DETROIT — General Motors on Tuesday posted better-than-expected quarterly results as cost-cutting and higher vehicle prices offset a double-digit decline in U.S. sales volume, and said it expected 2018 would be a strong year globally and in North America, sending its stock up more than 1 percent.

Thanks to cost-cutting and higher transaction prices for its more popular, and higher-margin, SUVs and pickup trucks in North America, the Detroit-based automaker's global pre-tax margin rose to 8.2 percent in the quarter versus 6.5 percent in the same quarter in 2016.

The company noted that results had improved across all segments and that its South American business had returned to profitability in the second half of 2017.

The solid performance from GM underscores the current struggles of cross-town rival Ford to boost its own profitability. Ford's fourth-quarter automotive operating margin fell to 3.7 percent, from 5.7 percent a year earlier.

GM's results came despite selling 135,000 fewer vehicles to dealers in North America in the fourth quarter and nearly 450,000 fewer in the full year than in 2016.

Speaking to reporters, Chief Financial Officer Chuck Stevens said that despite recent stock market volatility due to concerns that the U.S. economy may be overheating, the No. 1 U.S. automaker is "not overly concerned about inflation."

"Our forecast is premised on continued growth in the U.S. economy," Stevens said. He said GM expects interest rates to rise 75 basis points in 2018.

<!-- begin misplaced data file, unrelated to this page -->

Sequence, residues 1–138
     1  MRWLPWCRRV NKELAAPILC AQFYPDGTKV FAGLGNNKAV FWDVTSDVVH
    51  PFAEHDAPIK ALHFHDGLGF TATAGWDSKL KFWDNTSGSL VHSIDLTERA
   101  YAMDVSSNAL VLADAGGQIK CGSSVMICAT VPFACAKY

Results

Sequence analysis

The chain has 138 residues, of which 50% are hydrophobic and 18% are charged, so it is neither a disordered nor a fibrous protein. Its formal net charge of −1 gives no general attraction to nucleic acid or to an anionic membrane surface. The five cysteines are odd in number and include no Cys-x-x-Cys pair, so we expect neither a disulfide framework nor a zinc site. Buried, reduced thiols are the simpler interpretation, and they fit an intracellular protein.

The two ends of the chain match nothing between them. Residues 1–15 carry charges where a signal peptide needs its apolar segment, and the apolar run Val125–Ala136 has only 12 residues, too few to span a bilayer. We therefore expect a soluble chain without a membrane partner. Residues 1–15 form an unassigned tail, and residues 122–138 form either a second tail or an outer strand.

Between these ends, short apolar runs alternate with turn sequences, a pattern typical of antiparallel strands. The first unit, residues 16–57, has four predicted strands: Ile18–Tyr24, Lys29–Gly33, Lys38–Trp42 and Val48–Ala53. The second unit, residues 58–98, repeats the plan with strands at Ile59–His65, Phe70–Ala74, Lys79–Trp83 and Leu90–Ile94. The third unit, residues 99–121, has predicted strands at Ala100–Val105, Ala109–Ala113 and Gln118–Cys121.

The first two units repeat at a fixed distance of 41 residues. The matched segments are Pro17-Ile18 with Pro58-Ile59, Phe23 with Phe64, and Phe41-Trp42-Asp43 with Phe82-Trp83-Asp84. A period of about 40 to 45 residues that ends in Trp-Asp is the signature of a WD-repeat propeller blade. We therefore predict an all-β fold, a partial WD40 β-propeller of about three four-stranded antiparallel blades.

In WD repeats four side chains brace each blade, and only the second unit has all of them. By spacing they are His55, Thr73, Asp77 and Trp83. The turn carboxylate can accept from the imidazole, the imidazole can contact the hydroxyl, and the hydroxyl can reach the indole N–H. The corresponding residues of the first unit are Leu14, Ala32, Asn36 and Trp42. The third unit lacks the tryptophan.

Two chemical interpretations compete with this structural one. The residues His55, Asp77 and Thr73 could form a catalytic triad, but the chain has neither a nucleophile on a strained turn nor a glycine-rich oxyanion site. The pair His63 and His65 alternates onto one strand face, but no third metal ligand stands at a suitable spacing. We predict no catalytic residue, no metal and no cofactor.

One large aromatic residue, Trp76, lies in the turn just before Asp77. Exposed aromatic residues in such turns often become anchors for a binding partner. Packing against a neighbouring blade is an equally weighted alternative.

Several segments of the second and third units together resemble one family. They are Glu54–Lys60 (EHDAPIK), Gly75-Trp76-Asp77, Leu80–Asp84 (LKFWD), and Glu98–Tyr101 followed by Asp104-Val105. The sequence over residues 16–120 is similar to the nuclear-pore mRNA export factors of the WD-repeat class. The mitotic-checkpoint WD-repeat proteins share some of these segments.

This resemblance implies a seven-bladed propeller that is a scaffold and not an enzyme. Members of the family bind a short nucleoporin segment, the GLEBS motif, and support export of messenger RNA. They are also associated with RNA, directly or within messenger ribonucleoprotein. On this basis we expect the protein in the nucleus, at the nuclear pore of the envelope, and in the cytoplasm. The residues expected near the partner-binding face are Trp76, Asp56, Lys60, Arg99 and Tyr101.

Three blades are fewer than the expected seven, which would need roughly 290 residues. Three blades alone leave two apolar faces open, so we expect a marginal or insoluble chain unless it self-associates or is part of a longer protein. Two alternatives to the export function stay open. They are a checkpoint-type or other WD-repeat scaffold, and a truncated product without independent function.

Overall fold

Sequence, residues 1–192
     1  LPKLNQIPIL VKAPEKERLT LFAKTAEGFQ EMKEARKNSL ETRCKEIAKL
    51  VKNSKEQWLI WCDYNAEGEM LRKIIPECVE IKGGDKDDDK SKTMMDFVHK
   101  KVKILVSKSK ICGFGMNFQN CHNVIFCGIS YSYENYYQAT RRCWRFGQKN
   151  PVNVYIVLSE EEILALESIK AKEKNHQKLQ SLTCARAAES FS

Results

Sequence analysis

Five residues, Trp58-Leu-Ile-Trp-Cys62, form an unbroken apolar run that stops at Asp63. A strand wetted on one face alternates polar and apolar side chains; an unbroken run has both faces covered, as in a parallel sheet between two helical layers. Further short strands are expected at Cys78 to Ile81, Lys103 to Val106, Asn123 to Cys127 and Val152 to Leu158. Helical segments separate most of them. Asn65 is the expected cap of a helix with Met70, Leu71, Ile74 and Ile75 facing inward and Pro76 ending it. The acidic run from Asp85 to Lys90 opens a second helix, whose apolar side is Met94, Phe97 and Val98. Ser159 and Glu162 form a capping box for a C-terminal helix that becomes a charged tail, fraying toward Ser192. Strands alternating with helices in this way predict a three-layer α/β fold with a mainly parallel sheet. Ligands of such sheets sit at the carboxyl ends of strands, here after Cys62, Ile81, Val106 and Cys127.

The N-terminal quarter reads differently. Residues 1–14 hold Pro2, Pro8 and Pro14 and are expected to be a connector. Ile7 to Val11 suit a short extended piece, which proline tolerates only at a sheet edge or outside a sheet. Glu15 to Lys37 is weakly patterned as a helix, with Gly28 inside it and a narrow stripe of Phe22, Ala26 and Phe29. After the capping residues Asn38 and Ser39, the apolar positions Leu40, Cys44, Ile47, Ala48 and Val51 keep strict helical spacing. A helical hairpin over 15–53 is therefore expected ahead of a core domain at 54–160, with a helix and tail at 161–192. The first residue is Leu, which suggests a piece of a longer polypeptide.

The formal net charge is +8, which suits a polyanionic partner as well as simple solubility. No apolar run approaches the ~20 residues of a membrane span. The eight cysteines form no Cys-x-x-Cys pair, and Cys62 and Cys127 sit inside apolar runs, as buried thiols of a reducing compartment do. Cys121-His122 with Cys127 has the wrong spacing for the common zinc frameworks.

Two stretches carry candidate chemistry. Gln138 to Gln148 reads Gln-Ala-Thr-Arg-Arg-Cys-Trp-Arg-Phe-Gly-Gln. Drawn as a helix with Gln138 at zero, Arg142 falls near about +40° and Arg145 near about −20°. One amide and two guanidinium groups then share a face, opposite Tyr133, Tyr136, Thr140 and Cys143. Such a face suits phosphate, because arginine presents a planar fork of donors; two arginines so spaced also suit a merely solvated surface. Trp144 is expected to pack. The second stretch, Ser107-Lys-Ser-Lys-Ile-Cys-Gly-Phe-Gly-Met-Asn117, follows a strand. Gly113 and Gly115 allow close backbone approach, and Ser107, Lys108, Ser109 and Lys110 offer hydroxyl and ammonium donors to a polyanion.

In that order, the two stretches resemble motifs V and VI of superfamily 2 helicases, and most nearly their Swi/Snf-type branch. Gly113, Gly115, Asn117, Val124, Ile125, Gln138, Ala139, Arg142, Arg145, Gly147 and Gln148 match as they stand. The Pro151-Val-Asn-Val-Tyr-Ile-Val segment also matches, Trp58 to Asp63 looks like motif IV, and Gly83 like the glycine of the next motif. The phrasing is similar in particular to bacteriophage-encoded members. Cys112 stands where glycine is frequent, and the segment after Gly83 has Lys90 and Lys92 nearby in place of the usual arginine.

Stevens said that a 25 basis point increase in interest rates meant an increase of only $3 for the average car loan payment.

"As long as these are moderate (interest rate) increases, they are easily digestible," he said.

The automaker worked to reduce glut of unsold vehicles during 2017 with production halts, addressing a concern for analysts and observers alike.

GM also exited some markets in 2017, pulling out of India and parts of Africa, and selling its Opel/Vauxhall unit to France's PSA Group.

The automaker's results come as overall, U.S. auto industry new vehicle sales are in decline. Sales fell around 2 percent in 2017 after hitting an all-time record in 2016. Sales are expected to fall around another 2 percent in 2018.

GM reported a fourth-quarter loss of $4.9 billion or $3.46 per share, compared with a profit of $2.1 billion or $1.36 per share a year earlier. Excluding one-time items, GM posted earnings per share of $1.65. On that basis, analysts had expected earnings per share of $1.38.

The No. 1 U.S. automaker said it will record a $7.3 billion non-cash charge for its fourth-quarter 2017 earnings related to deferred tax assets that will lose their value because of the lower U.S. corporate tax rate.

Revenue for the quarter fell to $37.7 billion from $39.9 billion a year earlier. Analysts had expected $36.6 billion.

In pre-market trading, GM shares were up around 1 percent at $40.01.

Reporting by Nick Carey and Paul Lienert

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